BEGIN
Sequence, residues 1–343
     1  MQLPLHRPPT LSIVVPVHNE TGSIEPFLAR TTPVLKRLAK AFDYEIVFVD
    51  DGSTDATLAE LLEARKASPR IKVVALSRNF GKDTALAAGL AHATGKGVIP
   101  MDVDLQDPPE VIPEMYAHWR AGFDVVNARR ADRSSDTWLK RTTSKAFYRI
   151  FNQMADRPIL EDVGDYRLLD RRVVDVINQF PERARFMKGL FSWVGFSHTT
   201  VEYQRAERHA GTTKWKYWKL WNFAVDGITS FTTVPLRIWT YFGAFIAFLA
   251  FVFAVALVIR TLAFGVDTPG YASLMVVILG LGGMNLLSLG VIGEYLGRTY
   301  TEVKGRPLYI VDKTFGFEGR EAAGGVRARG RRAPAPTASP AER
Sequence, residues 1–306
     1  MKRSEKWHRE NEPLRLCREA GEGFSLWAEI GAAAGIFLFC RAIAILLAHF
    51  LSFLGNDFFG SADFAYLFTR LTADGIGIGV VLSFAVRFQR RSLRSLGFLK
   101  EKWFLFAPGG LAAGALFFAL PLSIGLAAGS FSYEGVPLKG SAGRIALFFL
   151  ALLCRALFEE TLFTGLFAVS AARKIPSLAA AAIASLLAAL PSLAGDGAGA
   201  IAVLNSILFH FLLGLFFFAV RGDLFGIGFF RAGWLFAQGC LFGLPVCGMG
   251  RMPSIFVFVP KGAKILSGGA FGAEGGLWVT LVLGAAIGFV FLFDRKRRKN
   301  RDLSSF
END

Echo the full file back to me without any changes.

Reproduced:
Sequence, residues 1–343
     1  MQLPLHRPPT LSIVVPVHNE TGSIEPFLAR TTPVLKRLAK AFDYEIVFVD
    51  DGSTDATLAE LLEARKASPR IKVVALSRNF GKDTALAAGL AHATGKGVIP
   101  MDVDLQDPPE VIPEMYAHWR AGFDVVNARR ADRSSDTWLK RTTSKAFYRI
   151  FNQMADRPIL EDVGDYRLLD RRVVDVINQF PERARFMKGL FSWVGFSHTT
   201  VEYQRAERHA GTTKWKYWKL WNFAVDGITS FTTVPLRIWT YFGAFIAFLA
   251  FVFAVALVIR TLAFGVDTPG YASLMVVILG LGGMNLLSLG VIGEYLGRTY
   301  TEVKGRPLYI VDKTFGFEGR EAAGGVRARG RRAPAPTASP AER
Sequence, residues 1–306
     1  MKRSEKWHRE NEPLRLCREA GEGFSLWAEI GAAAGIFLFC RAIAILLAHF
    51  LSFLGNDFFG SADFAYLFTR LTADGIGIGV VLSFAVRFQR RSLRSLGFLK
   101  EKWFLFAPGG LAAGALFFAL PLSIGLAAGS FSYEGVPLKG SAGRIALFFL
   151  ALLCRALFEE TLFTGLFAVS AARKIPSLAA AAIASLLAAL PSLAGDGAGA
   201  IAVLNSILFH FLLGLFFFAV RGDLFGIGFF RAGWLFAQGC LFGLPVCGMG
   251  RMPSIFVFVP KGAKILSGGA FGAEGGLWVT LVLGAAIGFV FLFDRKRRKN
   301  RDLSSF